The Himalayas of India:  Ladakh and Dharamsala, Summer 2008
Ronnie James Dio, Ladakh, Shey Palace
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26 June - So how many of you sat next to a rock star on your plane ride to India? 

Ronnie James Dio, the singer of Rainbow, Black Sabbath, and Heaven and Hell, and I talked about everything from our favorite Indian food in the Valley, recording, playing guitar, baseball, Tom Petty, Pro Tools, the Akai MG1214 (which he also still owns!), Children of the Night, and a lot of other topics.  He also wants to tour in India someday.

He has had some famous neighbors near his home in the Valley.  One time, he heard sirens and looked out the window.  Tom Petty was outside, and his house was on fire.  Soon after, some reporters showed.  "One guy from the press broke away stuck a microphone in front of Tom Petty, and asked, 'Your home is on fire.  How do you feel?' "

Incredulous, Petty replied, "How do I feel?" and decked the reporter.  And that was the first time that he met Petty.

The coolest part of meeting him is that he's a great guy, super friendly, funny, articulate, intelligent, humble, and down to earth. Kicking a trip off like this, I felt, was a great sign of things to come.

28 June - I had just arrived at the Delhi International airport.


Tom's nickname for me.  He had arrived in Delhi two days before.  After 27 hours of riding planes halfway around the world, it was good to hear a friendly voice. 

But the plane riding wasn't over yet.  We waited for several hours in the domestic airport, then caught another plane to Leh in Ladakh, 3500 meters (11,500 ft.) in elevation, high up in the dry Himalayas.  Adjusting to a twelve-hour difference in time zones and a dramatic altitude change after traveling in airplanes for over thirty hours was a rough way to go.  The first day, we took it slow and easy, not doing much, relaxing at this rooftop cafe on Fort Road and drinking a Ladakhi/Tibetan noodle and vegetable soup called thukpa.

Tom and I had traveled to Ladakh eleven years ago, and were excited to be here again.

The Ladakhis integrate their Tibetan Buddhism seamlessly with their everyday life, and you can find prayer wheels along many pathways.  Each prayer wheel contains scrolls with mantras, and spinning it releases a prayer to the heavens.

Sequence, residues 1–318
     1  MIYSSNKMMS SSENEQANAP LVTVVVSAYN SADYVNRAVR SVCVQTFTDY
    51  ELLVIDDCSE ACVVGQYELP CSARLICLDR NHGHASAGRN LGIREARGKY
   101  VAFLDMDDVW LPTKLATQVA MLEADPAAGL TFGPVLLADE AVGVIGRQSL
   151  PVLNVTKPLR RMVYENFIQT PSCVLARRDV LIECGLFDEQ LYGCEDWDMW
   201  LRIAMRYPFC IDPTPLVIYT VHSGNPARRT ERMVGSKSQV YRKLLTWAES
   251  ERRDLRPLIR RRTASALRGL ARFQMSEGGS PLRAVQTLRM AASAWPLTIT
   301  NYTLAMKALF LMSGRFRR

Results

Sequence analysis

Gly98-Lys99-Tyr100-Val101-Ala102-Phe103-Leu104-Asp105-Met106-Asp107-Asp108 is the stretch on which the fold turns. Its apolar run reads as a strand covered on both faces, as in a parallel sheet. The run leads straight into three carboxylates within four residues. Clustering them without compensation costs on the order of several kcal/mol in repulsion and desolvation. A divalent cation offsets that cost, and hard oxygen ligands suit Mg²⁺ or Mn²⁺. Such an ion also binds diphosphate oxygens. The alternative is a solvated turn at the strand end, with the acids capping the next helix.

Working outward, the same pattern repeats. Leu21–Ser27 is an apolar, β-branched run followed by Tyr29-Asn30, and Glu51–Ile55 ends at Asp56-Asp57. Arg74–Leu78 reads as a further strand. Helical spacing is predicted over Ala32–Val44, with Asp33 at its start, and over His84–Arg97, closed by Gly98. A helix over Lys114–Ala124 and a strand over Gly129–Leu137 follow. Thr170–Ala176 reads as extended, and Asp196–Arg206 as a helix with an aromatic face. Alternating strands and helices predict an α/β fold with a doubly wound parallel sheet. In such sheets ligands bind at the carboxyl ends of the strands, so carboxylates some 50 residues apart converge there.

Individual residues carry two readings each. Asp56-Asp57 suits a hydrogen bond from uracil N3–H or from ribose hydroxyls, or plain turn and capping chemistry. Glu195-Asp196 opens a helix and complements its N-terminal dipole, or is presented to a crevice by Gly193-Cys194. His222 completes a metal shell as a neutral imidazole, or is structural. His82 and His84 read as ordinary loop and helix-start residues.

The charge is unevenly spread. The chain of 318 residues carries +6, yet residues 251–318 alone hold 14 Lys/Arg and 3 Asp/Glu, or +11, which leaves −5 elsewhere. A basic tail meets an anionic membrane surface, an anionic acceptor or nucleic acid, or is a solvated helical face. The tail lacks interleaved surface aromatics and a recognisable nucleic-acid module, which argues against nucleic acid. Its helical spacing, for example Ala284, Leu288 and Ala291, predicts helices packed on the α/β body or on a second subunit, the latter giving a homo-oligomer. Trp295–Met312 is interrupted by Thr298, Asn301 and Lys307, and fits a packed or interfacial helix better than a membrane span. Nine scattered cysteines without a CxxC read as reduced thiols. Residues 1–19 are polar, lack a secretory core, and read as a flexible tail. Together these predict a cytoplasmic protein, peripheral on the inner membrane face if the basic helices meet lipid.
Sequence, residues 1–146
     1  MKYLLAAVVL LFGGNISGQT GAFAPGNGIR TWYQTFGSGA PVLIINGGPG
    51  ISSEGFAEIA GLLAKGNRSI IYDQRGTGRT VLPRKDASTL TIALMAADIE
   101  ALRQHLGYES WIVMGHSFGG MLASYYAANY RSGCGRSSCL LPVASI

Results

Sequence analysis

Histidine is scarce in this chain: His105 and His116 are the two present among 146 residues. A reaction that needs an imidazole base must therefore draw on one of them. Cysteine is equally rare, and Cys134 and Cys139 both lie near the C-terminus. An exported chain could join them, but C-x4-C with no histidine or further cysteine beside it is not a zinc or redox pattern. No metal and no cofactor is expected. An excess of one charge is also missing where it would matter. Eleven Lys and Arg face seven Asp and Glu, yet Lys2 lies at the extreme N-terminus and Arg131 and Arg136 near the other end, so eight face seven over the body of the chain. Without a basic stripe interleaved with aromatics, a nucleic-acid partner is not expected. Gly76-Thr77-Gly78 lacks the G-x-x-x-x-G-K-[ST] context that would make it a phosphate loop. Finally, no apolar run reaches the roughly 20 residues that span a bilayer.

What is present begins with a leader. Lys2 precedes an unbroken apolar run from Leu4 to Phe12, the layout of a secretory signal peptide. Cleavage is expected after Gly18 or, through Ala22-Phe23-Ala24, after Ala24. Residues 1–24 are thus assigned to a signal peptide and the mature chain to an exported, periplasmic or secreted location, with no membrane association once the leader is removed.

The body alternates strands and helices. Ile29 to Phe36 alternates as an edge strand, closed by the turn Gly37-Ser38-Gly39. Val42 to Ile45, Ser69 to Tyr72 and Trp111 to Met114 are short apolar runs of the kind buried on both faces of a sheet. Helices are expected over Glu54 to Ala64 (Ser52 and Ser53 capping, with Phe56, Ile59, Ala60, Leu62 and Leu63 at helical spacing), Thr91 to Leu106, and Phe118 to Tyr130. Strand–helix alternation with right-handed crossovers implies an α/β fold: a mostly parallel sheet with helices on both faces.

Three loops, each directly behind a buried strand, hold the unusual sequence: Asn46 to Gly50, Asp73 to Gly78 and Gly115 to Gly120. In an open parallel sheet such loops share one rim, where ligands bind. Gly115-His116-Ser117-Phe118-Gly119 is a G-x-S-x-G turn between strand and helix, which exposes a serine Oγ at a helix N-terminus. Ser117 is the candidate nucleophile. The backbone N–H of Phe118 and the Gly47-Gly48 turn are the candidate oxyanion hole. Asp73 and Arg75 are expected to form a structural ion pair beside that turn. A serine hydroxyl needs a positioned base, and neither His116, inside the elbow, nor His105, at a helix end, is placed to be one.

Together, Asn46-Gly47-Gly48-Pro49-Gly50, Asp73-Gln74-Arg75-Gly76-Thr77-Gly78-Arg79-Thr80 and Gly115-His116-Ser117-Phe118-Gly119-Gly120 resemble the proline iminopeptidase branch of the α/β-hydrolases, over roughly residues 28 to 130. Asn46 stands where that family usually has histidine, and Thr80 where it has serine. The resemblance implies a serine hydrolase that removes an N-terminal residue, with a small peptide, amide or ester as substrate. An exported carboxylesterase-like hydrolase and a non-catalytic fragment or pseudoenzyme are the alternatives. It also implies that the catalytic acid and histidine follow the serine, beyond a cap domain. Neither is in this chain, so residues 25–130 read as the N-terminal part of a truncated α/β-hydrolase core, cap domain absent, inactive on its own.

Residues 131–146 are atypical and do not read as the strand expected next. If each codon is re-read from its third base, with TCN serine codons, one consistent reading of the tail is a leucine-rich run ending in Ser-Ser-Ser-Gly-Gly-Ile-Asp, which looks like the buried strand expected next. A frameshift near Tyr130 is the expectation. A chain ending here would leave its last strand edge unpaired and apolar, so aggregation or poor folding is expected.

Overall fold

How would it be if our government had an Astrophysics Department? How would that affect what they did?

Tom and I noted that Leh had changed dramatically from eleven years ago, so much so that we didn't recognize much of it.  The Ladakhis concurred.  But old Leh, pictured here, looked much the same.

Still jet-lagged and short of breath, I nevertheless took short walks, sometimes around the old town of Leh, just beyond the main bazaar, where kids played soccer in the alleyways, older people mumbled prayers, people got haircuts, and others went about their business.  But as busy as they may have been, chortens such as this photo served as a reminder for their spirituality.

30 June - After a couple of days adjusting to the extreme time change and altitude, Tom and I hired a taxi to drive us to three nearby gompas (monasteries or hermitages).

Closest to Leh, our first stop was Shey Palace, which houses a three-story gold Buddha.

Although the giant gold Buddha was spectacular, my eye was often drawn towards some of the beautiful color of the simpler things, such as these candles and incense, offerings to Buddha.

Cabinets with offerings and yak butter lamps inside the Shey Palace just outside Leh in Ladakh.

One of the friendly monks at the Shey Palace. 

One of the reasons that I was initially supposed to go on this trip with the journalist was to explore the possibility of Jesus coming to India, with me serving as photographer.  Many people in India believe that Jesus came to India when he was between 13-29 years of age.

Although the journalist ultimately did not come (but was perhaps there in spirit), and felt that I should at least inquire about manuscripts or texts at each gompa that we visited.  And while the monks at each monastery were friendly and helpful, often wanting to know more, we ultimately never found anyone who knew where any manuscripts describing someone fitting the description of Jesus (Saint Issa, Ishaputra, Yuz Asaf, etc.) were.

Shey chortens, with the mighty Himalayas in the distance.

Next stop on our small road trip was Thikse Monastery, a fantastic tumble of buildings growing out of a small mountain, and dramatic in appearance.  You'll see a photo of all of Thikse Monastery on the next page.

Shown here is a close-up of the paintings above the doorways in the courtyard...

...and the full doorway.

At Thikse, for fun we tried to replicate a photo I took of Tom eleven years ago at Samtanling Gompa in Sumur in the Nubra Valley.

One of the lovely door handles leading to the prayer room at Thikse Monastery.  I loved the exquisite detail in the monasteries.

Me hanging out at Thikse Monastery.

The Himalayas of India:  Ladakh and Dharamsala, Summer 2008
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